It's been a long strange trip, swimming upstream, for the 11-year-old Colorado band that thrives on uncertainty and chaos, balancing unparalleled musicianship with unbridled abandon. The newest incarnation of Leftover Salmon returns to Denver's Fillmore Auditorium Saturday to seize the stage and pick some cat gut.
They're armed and dangerous again, sharing a bill with Retrograss, the supergroup of alumnae from the founding generation of newgrass pioneers, David Grisman, John Hartford, and Mike Seeger. Hartford was the first to epitomize the rebellious convention bending approach to bluegrass music that holds the Leftover boys firmly within its addictive grip. "We're huge fans of John Hartford and cover a bunch of his tunes," Salmon mandolinist and singer Drew Emmitt told the Indy from the famed Phoenix Hotel in San Francisco, hours before opening a stand at the original Fillmore.
"We recently got to meet John Hartford in Salt Lake City," Emmitt continued. "We'd heard that he really liked our version of his 'Up on the Hill Where We Do the Boogie' on The Nashville Sessions. Sure enough he says, 'That version you do of "Boogie" is exactly how I pictured somebody doing one of my tunes. People always record my songs and it's always this wimpy cow-bell-dinging kind of stuff. You guys got it. You rock it!' That was a big honor for him to say that about us, because he's influenced all of us hugely. We've sung his songs for years. He influenced a whole generation of this newgrass movement."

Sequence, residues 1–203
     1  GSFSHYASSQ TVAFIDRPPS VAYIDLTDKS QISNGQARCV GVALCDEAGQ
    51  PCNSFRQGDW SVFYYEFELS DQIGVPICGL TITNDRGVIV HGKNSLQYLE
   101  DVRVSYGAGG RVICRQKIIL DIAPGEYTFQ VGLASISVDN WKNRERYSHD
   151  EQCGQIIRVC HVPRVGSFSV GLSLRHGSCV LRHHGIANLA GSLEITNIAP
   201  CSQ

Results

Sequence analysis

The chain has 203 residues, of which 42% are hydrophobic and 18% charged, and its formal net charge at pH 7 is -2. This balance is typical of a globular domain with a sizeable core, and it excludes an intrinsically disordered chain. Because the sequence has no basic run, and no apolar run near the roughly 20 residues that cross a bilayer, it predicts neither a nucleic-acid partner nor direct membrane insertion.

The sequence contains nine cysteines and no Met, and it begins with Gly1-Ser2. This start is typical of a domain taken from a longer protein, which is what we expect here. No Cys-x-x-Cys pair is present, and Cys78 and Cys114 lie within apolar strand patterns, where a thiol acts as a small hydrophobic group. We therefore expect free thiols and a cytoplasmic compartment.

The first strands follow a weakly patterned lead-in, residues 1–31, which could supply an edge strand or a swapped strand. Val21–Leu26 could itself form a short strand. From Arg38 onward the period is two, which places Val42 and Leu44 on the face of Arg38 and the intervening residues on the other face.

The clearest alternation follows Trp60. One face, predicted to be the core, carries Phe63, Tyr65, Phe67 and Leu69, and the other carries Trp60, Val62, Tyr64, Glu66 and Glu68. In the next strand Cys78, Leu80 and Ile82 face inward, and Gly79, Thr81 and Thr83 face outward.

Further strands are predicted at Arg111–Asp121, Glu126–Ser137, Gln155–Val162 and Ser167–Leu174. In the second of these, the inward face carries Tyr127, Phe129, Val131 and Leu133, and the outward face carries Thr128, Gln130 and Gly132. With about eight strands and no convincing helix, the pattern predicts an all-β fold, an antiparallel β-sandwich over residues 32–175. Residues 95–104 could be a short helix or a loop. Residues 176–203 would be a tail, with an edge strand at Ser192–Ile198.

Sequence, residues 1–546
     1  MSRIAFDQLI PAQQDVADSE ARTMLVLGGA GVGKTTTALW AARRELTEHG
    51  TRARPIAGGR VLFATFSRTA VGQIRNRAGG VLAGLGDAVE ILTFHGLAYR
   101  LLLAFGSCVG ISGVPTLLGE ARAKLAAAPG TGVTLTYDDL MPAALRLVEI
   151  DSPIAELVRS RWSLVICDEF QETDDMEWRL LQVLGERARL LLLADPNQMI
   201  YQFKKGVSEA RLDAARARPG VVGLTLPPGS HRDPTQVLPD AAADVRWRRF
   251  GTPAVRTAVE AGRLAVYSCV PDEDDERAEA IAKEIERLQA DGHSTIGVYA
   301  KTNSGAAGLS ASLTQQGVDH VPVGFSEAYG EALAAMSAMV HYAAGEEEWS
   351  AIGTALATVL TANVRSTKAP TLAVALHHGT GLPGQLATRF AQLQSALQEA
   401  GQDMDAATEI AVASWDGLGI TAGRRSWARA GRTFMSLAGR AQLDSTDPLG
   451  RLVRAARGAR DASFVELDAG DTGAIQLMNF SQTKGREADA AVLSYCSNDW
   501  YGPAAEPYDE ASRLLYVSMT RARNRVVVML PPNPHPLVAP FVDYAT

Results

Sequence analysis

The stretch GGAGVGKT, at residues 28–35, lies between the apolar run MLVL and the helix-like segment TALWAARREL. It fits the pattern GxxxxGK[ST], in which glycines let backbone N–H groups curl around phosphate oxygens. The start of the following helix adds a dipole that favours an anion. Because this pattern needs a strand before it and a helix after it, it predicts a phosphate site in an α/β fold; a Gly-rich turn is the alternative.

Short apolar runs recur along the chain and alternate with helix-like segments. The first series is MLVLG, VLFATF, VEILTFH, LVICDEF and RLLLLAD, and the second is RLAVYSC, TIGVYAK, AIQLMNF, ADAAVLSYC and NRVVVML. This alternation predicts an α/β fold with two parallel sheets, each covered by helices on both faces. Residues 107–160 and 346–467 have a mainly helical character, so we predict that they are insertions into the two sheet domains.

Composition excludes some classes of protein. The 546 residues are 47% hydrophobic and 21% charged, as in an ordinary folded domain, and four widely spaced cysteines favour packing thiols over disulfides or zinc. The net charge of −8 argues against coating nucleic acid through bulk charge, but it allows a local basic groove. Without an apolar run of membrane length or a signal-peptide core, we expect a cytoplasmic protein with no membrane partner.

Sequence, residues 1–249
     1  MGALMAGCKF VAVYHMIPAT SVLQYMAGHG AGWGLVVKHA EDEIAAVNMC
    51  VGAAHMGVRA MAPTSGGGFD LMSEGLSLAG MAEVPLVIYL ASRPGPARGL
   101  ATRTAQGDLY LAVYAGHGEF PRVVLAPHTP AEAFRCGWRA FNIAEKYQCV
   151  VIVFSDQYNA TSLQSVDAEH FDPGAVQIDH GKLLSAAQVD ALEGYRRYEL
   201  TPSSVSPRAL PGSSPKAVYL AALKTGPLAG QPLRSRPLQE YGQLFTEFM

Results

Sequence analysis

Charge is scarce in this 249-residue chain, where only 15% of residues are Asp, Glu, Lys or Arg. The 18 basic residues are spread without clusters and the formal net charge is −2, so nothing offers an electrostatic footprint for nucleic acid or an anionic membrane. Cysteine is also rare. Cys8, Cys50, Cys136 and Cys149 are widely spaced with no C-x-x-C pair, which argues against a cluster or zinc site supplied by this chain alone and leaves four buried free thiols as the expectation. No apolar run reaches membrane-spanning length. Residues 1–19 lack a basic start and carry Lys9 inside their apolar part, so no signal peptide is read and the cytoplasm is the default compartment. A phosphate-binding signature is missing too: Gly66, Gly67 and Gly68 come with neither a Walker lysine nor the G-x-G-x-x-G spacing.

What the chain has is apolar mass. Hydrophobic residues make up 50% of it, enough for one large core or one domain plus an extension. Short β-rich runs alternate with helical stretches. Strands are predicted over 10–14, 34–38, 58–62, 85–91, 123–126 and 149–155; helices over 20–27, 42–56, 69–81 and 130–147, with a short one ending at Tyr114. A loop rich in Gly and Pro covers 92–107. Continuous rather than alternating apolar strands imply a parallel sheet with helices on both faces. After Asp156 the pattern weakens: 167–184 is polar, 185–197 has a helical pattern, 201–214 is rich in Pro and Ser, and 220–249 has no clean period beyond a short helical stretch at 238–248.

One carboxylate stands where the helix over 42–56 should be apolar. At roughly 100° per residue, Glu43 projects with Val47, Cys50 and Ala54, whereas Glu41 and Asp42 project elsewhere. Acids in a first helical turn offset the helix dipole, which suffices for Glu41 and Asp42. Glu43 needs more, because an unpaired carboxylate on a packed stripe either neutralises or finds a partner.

For a mandolin player like Emmitt, however, the exposure to the Dawg himself, David Grisman, might have been even more influential. "Grisman was really the first mandolin player that I actually went out and bought his records. He made me really excited about playing the mandolin."
Ironically, Emmitt first saw Grisman playing with his old quintet -- made up of Mark O'Connor, Darrel Anger, Mike Marshall and Rob Wasserman -- at the Rainbow Music Hall in Denver years ago with John Hartford opening the show.
But the bottom line for Leftover Salmon has always been the seminal influence of New Grass Revival, the band that brought it all together for a rock 'n' roll generation that didn't want to give up bluegrass instruments as a means to amp up performances.